The Reading Corner is a place where books of all genres are examined and reviewed. Comments, questions and disagreement are welcomed. Grab some coffee and a comfy chair and make yourself at home.
Sunday, April 4, 2010
Joseph Campbell: The Power of Myth
It's a Latin phrase that means "Books have their own fates." I will probably be posting more pictures as it heals more, since there's still a bit of purple in the white ink.
The inspiration for the tattoo came from the excellent book "The Library at Night" by Alberto Manguel -check it out if you get the chance.
While I was home over break, my grandma came up to visit. She, my mom, my sister and I all had sushi (first time for Grandma!) and she brought books for both me and my little sister. Indicative of how well she knows us, she brought my sister religious devotionals and she brought me books that examine religion from historical and scientific perspectives.
She is one savvy lady.
I just finished reading "The Power of Myth" (PoM from now on) by Joseph Campbell and Bill Moyer. The whole book is a transcription of a series of conversations the two men had over a 24-hour period. Apparently there's a 6-hour PBS special out there somewhere from this period, too. I'm not sure whether I would be able to watch all 6 hours, but it would be worth a shot.
PoM is a really interesting book in a lot of ways. Joseph Campbell is obviously a brilliant man. He's very well read, and has a broad, deep understanding of the mythological significance of many religions and stories and cultural ideas from all over the world. Reading this transcription was fascinating -I would shoot through 60 pages over lunch and hardly notice.
Campbell was a professor, a lecturer, which accounts for his ability to hold an audience captive. I've never read anything he wrote, but if he writes as well as he speaks, I would say based on that alone I'd be willing to read it. He is engaging, able to draw connections between ideas at the drop of a hat and just excellent at thinking on his feet. I have no idea how much research or preparation he did specifically for this conversation, but Campbell's intelligence and understanding were nonetheless impressive.
I also like the central message of many of Campbell's views: follow your bliss. What a great sentiment, at its core. Do what makes you happy. I would add a caveat: Follow your bliss, but do no harm to others in seeking it.
All that being said, I did however stop at multiple points during the book and cry "Bullshit!" I realize the man understands way more than I do about world mythologies, but it seems like somewhere between being brilliant and reading myths, he forgot that most people don't think the way he does. Reading Campbell was, for me, like riding a train with sections of the track missing. I'm with him on this point, on the next point and for the next four or five points and then suddenly he's off the rails and I'm left clutching my head, wondering where the logic went.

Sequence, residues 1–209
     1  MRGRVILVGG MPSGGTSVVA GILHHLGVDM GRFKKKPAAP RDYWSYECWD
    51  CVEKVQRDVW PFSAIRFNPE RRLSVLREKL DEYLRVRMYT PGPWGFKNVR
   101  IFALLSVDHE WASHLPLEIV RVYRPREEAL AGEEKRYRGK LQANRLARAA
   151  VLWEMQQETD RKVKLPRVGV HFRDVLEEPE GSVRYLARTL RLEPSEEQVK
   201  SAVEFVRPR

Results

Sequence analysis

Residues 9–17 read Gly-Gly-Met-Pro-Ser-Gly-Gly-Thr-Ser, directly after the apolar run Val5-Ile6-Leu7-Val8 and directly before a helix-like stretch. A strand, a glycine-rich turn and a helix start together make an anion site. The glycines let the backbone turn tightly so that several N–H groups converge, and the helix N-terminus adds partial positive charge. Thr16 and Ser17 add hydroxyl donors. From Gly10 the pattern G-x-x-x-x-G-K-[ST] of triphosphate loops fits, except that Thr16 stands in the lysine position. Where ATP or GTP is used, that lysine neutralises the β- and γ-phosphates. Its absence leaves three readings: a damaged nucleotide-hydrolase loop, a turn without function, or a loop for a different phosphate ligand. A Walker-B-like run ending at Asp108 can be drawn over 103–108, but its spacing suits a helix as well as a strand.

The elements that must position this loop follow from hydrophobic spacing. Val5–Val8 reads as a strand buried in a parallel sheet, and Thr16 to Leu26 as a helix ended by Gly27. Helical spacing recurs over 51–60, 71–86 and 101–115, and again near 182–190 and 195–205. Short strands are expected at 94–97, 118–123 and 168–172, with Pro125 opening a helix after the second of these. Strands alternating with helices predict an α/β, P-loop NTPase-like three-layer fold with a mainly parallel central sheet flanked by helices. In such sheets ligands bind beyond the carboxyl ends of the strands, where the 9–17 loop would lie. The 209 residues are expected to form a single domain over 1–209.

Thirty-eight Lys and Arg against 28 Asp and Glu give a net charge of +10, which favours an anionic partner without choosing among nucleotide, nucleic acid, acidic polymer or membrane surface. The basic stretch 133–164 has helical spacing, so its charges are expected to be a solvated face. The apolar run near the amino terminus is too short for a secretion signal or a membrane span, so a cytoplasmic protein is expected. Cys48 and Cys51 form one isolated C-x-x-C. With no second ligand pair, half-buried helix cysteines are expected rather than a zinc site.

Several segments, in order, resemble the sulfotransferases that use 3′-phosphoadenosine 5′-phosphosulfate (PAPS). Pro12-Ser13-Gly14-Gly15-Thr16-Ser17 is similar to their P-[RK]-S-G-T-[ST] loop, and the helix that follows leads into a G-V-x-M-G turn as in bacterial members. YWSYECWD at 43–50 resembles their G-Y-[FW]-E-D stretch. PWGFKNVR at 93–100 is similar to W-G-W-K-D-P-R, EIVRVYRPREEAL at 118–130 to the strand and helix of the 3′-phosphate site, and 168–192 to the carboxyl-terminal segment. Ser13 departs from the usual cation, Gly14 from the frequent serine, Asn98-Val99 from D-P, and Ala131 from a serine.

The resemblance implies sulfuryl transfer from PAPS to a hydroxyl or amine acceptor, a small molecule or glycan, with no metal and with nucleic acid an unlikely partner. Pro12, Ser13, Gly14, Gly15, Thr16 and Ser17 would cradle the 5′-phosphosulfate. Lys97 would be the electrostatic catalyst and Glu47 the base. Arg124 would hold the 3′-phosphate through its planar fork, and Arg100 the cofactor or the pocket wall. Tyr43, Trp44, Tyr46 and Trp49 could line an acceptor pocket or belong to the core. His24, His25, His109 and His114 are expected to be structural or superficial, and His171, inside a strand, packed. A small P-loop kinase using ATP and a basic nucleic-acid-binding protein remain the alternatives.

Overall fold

Perhaps it's me, reading it from my atheistic perspective that I see a huge disconnect between saying myths are great metaphors while living in a world where people see those metaphors as being really literally true and using that as a justification for murder and hatred. It seems as though, in his academic worldview, Campbell neglects the millions of people who see myth as reality (and sometimes it seems like Campbell himself sees myths as being actually true -it's hard to know where the line is in his view, because he waffles quite a bit between arguing that myths are simply metaphors and that myths are actually true in some fundamentally literal way), and who would interpret his words as either a horrifying attack on their beliefs, or a justification of them.
For me, that made the book frustrating at times. Campbell argues a number of points about religious myths that, in their mythical metaphorical way, do a good job of telling a story -but he doesn't ever look beyond that at the faces of people who are saying, "These aren't stories, this is history." There's a huge gap between Campbell's interpretation of myth and the religious interpretation of myth that never gets addressed. It doesn't necessarily have to be addressed, and I'm not saying that majority rule makes one interpretation right as it's possible to interpret myths in about, oh, 6 billion different ways, but it makes the read irritating every now and again.
On the whole, though, PoM was an excellent introduction to Campbell's work. I'm hoping that, as I continue to explore his writing, I'm able to come across a place where he addresses the questions I had about his interpretations of myths vs. established religious dogma. More than that, though, I'm looking for more encouragement to seek out my bliss.